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Curated Connections

It’s one of the island’s most exclusive properties, but Cappella Ubud is forging links with Balinese communities and culture via immersive guest experiences like Keliki miniature painting classes and herbal medicine making.

As Pak Wayan Gama leans over a scroll, delicately tracing a rice paddy, he’s being supervised by Hindu gods. Feeding into his work are Shiva, Vishnu, and Brahma. These deities are worshipped throughout Bali, Indonesia’s only Hindu-majority Island, and feature prominently in Gama’s paintings, dozens of which adorn the walls of the home studio in which he’s working.

There is sufficient space for these many pieces because Gama is an expert in Keliki miniature paintings. Some as small as three-inches by four-inches in size, and rarely bigger than 12 by 18, these paintings are unique to Keliki, a historic village amid dense rainforest 7km north of Ubud. Compressed into these petite artworks is a dense, intricate level of detail, with an array of humans and spirits inhabiting ornate temples and spectacular natural landscapes.

Most artists around the world prefer to operate in solitude, keen to avoid distractions. Gama, however, welcomes company, and can maintain a meditative focus despite his main studio opening on to a busy road. This prominent position is intended to help catch the eye of tourists, who are the core customers for Kelilki paintings.

In recent years, Keliki artists like Gama have supplemented their incomes by giving lessons to travellers. His family’s traditional Balinese home—a walled complex of almost a dozen separate structures—hosts a painting school for locals and tourists alike. This small establishment helps produce the next generation of local Keliki artists.

Meanwhile, many of its tourist students come from a nearby luxury resort. The Bill-Bensley-designed Capella Ubud is one of Bali’s most exclusive properties. During a recent tour of the resort, its affable marketing manager Devina Hindom told me not one tree had been removed from this jungle-draped site during its construction.

Inspired by Bali’s colonial era in the 1800s, the resort features 22 one and two-bedroom tents, the distinct and curious interiors of which are intended to mimic the lodges of European explorers. Complementing Capella’s strategy of minimising its impact on this forest is the resort’s aim of supporting its local village, Keliki.

“We want to welcome our guests to our hotel as if we were welcoming them to our home.”

Devina Hindom

Capella has fostered a rare connection with its surrounding community via unique programs that encourage its guests to immerse themselves in local traditions and ceremonies, Hindom told me. The Capella Curates program allows guests to help villagers prepare for festivals, learn Keliki painting, take part in healing ceremonies, concoct traditional medicines, and be taught ancient dances.

Hindom said Capella also hired most of its staff from this village, to further intertwine the resort and Keliki. “We want to welcome our guests to our hotel as if we were welcoming them to our home,” she said. “Keliki village and Ubud at large are our home. Most of our colleagues are native to this village. This enables us to make the connection with the community and curate meaningful, authentic local experiences for our guests.”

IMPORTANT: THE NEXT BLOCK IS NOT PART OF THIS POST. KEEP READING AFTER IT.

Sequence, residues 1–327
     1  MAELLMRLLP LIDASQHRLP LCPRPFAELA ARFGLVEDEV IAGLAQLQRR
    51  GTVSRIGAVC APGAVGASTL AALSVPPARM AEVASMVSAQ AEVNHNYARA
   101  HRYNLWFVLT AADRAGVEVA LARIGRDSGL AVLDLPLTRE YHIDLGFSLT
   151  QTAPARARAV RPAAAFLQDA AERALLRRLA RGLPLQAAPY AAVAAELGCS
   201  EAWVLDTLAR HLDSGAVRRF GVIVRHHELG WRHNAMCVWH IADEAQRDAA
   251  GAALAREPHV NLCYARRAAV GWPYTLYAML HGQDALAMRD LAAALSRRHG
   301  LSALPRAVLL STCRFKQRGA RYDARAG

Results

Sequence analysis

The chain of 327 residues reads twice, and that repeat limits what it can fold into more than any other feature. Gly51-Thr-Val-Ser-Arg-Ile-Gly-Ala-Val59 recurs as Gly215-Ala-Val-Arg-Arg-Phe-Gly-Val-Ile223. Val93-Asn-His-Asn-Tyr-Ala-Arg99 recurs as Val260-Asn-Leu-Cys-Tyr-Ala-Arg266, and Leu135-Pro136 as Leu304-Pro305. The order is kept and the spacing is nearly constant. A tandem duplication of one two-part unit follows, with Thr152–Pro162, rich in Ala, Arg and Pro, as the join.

Tourists not staying at Capella are also welcomed to join its Curates program, she said. It offers eight different activities. For the Love of Chocolate highlights Indonesia’s status as one of the world’s leading producers of cocoa beans. During this tour, participants learn about the history of Indonesian chocolate, get to make their own chocolate bars under the guidance of a Balinese expert, and then gorge on a chocolate-themed feast at Koko Cafe Ubud.

On Top of the World sees Balinese guides lead guests on a pre-dawn hike to watch the sunrise from the summit of the 1717m-tall Mount Batur. During The Art of Jamu, participants follow the lead of a Balinese healer while making an anti-inflammatory elixir. Used as an herbal medicine for more than 1,000 years, Jamu is made with fresh turmeric, ginger, honey and lemon.

Exercise fanatics will savour GI Jungle, Capella’s bootcamp, during which they’ll lift bamboo-and-coconut weights and run along jungle trails in the company of a Balinese fitness instructor. If they’re exhausted by that activity, guests can then do Confined to Quarters, a 24-hour digital detox. In the absence of electronic distractions, participants take part in Balinese blessing rituals, a yoga class, a two-hour Senha massage and a Swadhistanan Chakra Balancing session to restore a harmonious flow of energy across their chakra system.

Exercise and culture merge during Bali Dance Moves, which is part fitness session and part dance lesson. The local instructor teaches guests some of the key elements of Bali’s most famous dances, including Gamelan. Tourists who wish to start their day as serenely as possible can join A Soul Reborn. This activity centres around Melukat, an ancient Balinese water ritual believed to cleanse the body and mind. And then there’s Keliki Canvas, an invitation into the creative sphere of this village’s renowned painters.

Hindom said she was very proud of Capella’s Curates program. It not only exposed guests to unique and meaningful Balinese customs and skills, but also provided a regular income stream for the locals who conduct these activities. Via miniature artworks, prehistoric elixirs, challenging hikes, and spiritual experiences, tourists can merge with the Keliki community thanks to Capella.